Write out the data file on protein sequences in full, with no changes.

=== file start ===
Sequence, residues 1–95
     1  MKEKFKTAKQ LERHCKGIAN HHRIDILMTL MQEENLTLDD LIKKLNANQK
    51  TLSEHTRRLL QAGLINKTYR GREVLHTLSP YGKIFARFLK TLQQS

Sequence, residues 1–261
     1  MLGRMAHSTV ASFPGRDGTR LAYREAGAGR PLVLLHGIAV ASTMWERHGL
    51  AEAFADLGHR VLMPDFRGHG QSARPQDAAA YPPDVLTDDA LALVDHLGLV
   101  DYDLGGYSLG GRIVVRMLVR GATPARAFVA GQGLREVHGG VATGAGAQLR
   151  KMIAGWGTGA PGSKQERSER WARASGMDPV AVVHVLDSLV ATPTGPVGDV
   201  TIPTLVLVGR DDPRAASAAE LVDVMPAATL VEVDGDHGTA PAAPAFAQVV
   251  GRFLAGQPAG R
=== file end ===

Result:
Sequence, residues 1–95
     1  MKEKFKTAKQ LERHCKGIAN HHRIDILMTL MQEENLTLDD LIKKLNANQK
    51  TLSEHTRRLL QAGLINKTYR GREVLHTLSP YGKIFARFLK TLQQS

Sequence, residues 1–261
     1  MLGRMAHSTV ASFPGRDGTR LAYREAGAGR PLVLLHGIAV ASTMWERHGL
    51  AEAFADLGHR VLMPDFRGHG QSARPQDAAA YPPDVLTDDA LALVDHLGLV
   101  DYDLGGYSLG GRIVVRMLVR GATPARAFVA GQGLREVHGG VATGAGAQLR
   151  KMIAGWGTGA PGSKQERSER WARASGMDPV AVVHVLDSLV ATPTGPVGDV
   201  TIPTLVLVGR DDPRAASAAE LVDVMPAATL VEVDGDHGTA PAAPAFAQVV
   251  GRFLAGQPAG R